The question still remains, what can be done to deal with situations such as this? Contrary to popular belief the solution isn’t relying on third parties to deal with the problem. As with anything else in life the only solution is to roll up your sleeves and get your hands dirty.
You cannot control the actions of others so the first step is getting that silly notion out of your head. Once you’ve accepted that fact you need to ask what steps you can take to make yourself safer. For situations such as this the most effective option is avoidance. Our subconscious is pretty good at picking up on subtle signs of danger. Oftentimes people write off these feelings by telling themselves they’re just being paranoid. Don’t do that. If the little voice in your head is telling you something isn’t right then you should listen to it and vacate the area.
Another step would be to keep a clear head, which means not drinking. But telling people not to drink is worthless because they aren’t going to listen. Instead I will take the middle ground by pulling a page from the responsible drinker’s playbook. Every group is supposed to designate a sober driver. There’s no reason that person should only be concerned about driving. I like to think of designated drivers as designated adults. Their job is to ensure everybody gets home safely. In addition to driving that should also involved being the lookout. If their little voice is saying a situation is dangerous they should inform the group that they need to be elsewhere. Granted, herding drunks is like herding libertarians but a designated adult can only put forth their best effort and each person is ultimately responsible for themselves.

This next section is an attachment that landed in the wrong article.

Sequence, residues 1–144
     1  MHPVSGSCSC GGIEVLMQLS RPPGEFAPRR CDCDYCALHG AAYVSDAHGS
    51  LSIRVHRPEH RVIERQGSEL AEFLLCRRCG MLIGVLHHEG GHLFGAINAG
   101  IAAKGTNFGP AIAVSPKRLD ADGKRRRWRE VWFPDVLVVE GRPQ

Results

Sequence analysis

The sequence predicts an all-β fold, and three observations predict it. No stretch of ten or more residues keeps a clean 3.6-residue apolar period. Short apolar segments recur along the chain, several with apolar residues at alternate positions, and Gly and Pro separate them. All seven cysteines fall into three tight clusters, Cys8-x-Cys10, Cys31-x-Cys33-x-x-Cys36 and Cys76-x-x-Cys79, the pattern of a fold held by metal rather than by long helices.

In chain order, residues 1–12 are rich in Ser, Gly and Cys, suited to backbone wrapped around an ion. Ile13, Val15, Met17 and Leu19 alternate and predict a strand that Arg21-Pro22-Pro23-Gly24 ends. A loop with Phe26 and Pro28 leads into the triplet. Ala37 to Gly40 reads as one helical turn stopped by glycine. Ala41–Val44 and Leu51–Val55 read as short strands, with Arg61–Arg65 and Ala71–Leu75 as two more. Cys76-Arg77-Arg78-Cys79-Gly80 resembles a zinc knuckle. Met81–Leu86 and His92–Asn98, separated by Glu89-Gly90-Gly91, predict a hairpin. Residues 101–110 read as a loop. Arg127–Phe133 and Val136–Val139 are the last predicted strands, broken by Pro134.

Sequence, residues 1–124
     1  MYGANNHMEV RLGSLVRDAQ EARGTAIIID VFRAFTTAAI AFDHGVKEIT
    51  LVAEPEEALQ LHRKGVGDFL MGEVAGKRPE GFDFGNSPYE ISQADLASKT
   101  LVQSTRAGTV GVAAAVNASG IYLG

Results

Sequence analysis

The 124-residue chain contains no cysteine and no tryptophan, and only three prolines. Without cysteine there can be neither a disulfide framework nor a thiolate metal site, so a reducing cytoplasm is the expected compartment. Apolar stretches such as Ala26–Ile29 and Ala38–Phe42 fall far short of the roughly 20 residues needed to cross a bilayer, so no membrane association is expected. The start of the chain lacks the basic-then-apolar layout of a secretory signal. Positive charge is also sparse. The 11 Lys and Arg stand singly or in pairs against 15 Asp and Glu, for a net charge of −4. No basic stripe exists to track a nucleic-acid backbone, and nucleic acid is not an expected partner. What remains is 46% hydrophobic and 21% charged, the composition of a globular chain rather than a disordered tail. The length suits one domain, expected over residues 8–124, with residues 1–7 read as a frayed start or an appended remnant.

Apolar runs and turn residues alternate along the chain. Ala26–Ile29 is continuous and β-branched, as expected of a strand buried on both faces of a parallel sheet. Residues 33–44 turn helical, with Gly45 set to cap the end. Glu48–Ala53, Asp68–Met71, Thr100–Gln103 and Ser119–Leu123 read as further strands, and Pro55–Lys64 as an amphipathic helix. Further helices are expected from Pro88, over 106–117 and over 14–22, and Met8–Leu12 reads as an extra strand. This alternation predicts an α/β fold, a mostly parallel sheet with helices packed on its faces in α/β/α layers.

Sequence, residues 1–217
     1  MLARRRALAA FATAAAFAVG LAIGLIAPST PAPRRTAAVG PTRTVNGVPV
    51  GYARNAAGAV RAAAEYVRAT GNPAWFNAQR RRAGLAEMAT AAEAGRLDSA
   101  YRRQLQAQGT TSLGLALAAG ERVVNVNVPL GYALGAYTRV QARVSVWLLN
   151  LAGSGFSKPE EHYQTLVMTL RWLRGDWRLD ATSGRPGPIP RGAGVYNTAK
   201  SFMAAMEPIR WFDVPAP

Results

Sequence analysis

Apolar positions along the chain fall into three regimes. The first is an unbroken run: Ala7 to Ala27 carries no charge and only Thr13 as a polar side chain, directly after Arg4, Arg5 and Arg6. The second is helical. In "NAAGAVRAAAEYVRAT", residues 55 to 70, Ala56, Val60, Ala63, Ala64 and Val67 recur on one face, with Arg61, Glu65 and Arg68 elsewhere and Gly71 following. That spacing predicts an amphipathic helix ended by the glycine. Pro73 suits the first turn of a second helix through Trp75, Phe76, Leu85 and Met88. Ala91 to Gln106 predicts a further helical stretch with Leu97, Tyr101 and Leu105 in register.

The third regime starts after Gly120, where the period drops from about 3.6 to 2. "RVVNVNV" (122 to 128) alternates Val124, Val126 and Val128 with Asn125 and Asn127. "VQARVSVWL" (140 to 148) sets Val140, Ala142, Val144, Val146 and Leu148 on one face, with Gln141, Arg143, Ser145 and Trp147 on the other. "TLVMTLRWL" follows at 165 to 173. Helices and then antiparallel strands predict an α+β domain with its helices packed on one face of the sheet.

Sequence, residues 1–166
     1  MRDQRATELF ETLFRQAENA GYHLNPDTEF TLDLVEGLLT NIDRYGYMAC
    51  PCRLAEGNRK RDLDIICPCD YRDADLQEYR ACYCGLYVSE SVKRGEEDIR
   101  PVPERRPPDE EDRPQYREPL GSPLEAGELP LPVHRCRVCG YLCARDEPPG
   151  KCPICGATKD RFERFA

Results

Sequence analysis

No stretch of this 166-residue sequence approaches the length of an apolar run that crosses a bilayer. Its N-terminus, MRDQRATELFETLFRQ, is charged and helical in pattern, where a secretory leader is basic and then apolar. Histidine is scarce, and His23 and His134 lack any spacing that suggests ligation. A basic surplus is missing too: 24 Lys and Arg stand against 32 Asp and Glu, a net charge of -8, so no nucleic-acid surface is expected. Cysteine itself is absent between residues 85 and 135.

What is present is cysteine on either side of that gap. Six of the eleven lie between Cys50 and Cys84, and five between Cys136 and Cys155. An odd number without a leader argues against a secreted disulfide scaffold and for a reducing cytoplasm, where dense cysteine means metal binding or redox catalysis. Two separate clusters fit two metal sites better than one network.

If you’re not drinking you should also carry a gun. You can’t control when you’ll find yourself in this kind of situation but you can increase your odds of survival. As with popular belief regarding centralized control the popular belief that having less armed individuals increases overall safety is bullshit. Relying on a third party for protection isn’t a solution because you can’t guarantee a third party will actually protect you. Take charge of your defense and carrying the most effective means of defending yourself when you’re responsible enough to do so (i.e. not when you’re drinking).
Stop asking what “we” can do. There is no we. There is only you so ask what you can do. Until you ask the right question it’s impossible to come up with the right answer.
Last weekend Black Lives Matter marched on the Minnesota State Fair and held a protest. A lot of people are very worked up about this but I wasn’t there so the event didn’t impact me in the slightest. In addition to the protest itself some people are upset that some of the protesters were chanting “Pigs in a blanket, fry ‘em like bacon.” Was that phrase a call to kill cops or a clever play on words in context of an event well known for having every food you could imagine in fried form? I don’t know and I don’t care. But representative Tony Cornish cares very much:
Representative Tony Cornish is calling for an apology from the protest group Black Lives Matter for a chant made at the State Fair.
Well since we’re on the topic of apologies, I want an apology from Tony Cornish for his active support in expanding the already pervasive police surveillance apparatus. I’m guessing we’re both going to end up disappointed.